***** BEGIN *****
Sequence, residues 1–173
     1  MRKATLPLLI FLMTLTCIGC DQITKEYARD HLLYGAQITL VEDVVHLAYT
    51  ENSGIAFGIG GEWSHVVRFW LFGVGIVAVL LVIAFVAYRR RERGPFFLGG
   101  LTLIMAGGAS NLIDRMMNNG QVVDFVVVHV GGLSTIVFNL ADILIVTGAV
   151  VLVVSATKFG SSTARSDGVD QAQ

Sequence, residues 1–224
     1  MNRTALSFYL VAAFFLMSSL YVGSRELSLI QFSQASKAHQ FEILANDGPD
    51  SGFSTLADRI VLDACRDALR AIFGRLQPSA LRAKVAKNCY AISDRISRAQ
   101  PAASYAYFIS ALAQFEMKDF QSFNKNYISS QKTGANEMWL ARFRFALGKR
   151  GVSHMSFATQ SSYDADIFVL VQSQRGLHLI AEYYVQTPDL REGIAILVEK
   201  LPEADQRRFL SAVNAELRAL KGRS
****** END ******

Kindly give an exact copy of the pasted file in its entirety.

Sequence, residues 1–173
     1  MRKATLPLLI FLMTLTCIGC DQITKEYARD HLLYGAQITL VEDVVHLAYT
    51  ENSGIAFGIG GEWSHVVRFW LFGVGIVAVL LVIAFVAYRR RERGPFFLGG
   101  LTLIMAGGAS NLIDRMMNNG QVVDFVVVHV GGLSTIVFNL ADILIVTGAV
   151  VLVVSATKFG SSTARSDGVD QAQ

Sequence, residues 1–224
     1  MNRTALSFYL VAAFFLMSSL YVGSRELSLI QFSQASKAHQ FEILANDGPD
    51  SGFSTLADRI VLDACRDALR AIFGRLQPSA LRAKVAKNCY AISDRISRAQ
   101  PAASYAYFIS ALAQFEMKDF QSFNKNYISS QKTGANEMWL ARFRFALGKR
   151  GVSHMSFATQ SSYDADIFVL VQSQRGLHLI AEYYVQTPDL REGIAILVEK
   201  LPEADQRRFL SAVNAELRAL KGRS